The coastal region of San Quentin in Baja California has been in international headlines since mid-March, due to a labor dispute by agricultural workers.
The Russian news network RT reports that 50,000 laborers are protesting unfair working conditions, leading to some violence. According to the Canadian Centre for Research on Globalization, the strike has disrupted the harvesting, packing, and shipping of zucchini, tomatoes, berries, and other products to shops and restaurants in the United States. Workers demand salary increases and benefits required by law, including social security.
The conflict now seems to be spreading beyond a mere labor dispute, fast growing into a conflict over migratory and indigenous issues. Andrew Selee, the executive vice president of the Wilson Center in the United States, says the dispute has taken on new dimensions:
En su mayoría los trabajadores son de origen indígena mixteco de Oaxaca y Guerrero.
Este movimiento ha cobrado dimensiones trasnacionales con la marcha de los huelguistas a la frontera México-EU la semana pasada, en donde se encontraron con otros trabajadores agrícolas indígenas que se dirigieron a la frontera desde el otro lado para apoyarlos. Se reunieron en un parque cerca de la playa para tener un mitin binacional, con manifestantes de ambos de la frontera, dividido por el cerco que separa los dos países pero une sus esperanzadas para un futuro mejor.
The vast majority of the workers are people from Mixtec indigenous origin from Oaxaca and Guerrero.
This movement has taken on transnational dimensions with the strikers marching to the Mexico-US border in April 2015, where they met with other indigenous farm workers, who went to the border from the other side to support them. They met in a park near the beach to have a bilateral meeting with protesters from both sides of the border, divided by the fence that separates the two countries, but joined by their hopes for a better future.
The states of Oaxaca and Guerrero are located in the southern part of Mexico, which means there is some internal migration at work, if workers from these regions are amassing in Mexico's northern-most territory.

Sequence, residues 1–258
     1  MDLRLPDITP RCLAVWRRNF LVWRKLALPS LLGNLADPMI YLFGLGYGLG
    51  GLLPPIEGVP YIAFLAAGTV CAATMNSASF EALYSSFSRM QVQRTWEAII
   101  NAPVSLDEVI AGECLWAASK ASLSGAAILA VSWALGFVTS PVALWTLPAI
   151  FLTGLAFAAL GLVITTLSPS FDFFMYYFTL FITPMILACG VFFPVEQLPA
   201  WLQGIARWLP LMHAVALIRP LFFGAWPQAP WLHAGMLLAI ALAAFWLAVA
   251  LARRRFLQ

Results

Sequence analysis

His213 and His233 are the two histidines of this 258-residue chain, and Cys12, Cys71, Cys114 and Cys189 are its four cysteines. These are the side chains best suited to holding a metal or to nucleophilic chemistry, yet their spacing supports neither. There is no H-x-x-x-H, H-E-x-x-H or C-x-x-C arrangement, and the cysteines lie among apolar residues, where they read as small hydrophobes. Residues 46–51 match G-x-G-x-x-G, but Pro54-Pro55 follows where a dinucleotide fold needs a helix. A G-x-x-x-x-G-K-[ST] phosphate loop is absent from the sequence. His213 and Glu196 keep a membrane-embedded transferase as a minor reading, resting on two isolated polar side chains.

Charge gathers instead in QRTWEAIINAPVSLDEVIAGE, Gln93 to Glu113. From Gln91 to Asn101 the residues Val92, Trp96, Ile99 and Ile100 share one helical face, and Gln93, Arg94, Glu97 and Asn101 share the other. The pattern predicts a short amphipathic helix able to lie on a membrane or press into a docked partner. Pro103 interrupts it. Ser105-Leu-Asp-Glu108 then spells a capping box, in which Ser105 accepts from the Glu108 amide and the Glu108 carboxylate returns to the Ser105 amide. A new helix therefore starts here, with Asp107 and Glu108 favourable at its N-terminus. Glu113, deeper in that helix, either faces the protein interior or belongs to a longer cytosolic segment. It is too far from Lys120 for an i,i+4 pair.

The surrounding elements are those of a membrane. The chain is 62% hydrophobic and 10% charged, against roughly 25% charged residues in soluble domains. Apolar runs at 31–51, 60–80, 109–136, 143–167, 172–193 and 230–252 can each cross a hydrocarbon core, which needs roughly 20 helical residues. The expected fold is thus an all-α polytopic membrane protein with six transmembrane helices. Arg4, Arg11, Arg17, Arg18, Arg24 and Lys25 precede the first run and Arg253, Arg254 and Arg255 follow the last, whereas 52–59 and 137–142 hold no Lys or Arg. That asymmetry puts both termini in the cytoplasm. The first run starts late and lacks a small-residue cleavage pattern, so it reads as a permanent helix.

The website Animal Politico has gone even further, comparing the issue to slavery, citing the Global Slavery Index, an annual report published by the Walk Free Foundation. Animal Politico, however, reports that Mexico's ranking on this index is 18th, though it is in fact 111th. The report on Mexico is still alarming, regardless, as it estimates that 266,900 people in Mexico today live in “modern slavery.” The Walk Free Foundation says the most vulnerable groups are women, children, and indigenous people.
As alarming as the San Quentin protests have been, reactions online have also raised questions. Accordng tot he website Sopitas, Facebook users created a page that where people posted hate speech aimed at the workers on strike:
“Son peor que las cucarachas”, dicen en la fanpage llamada “Exterminio de Oaxacos en B.C.”.
“They're worse than cockroaches” says the [Facebook] page, called “Oaxacos Extermination in Baja California.”
“Oaxaco” is a pejorative word used by people in the north to refer to people from the country's south (not necessarily from Oaxaca) and the center. A large number of these people are ethnically close to the Native Americans, consisting of many differing tribes with a wide variety of dialects.
Mexican society faces serious problems of inequality and social classism, which are only exacerbated by low average salaries. The minimum wage, for instance, is just five dollars a day.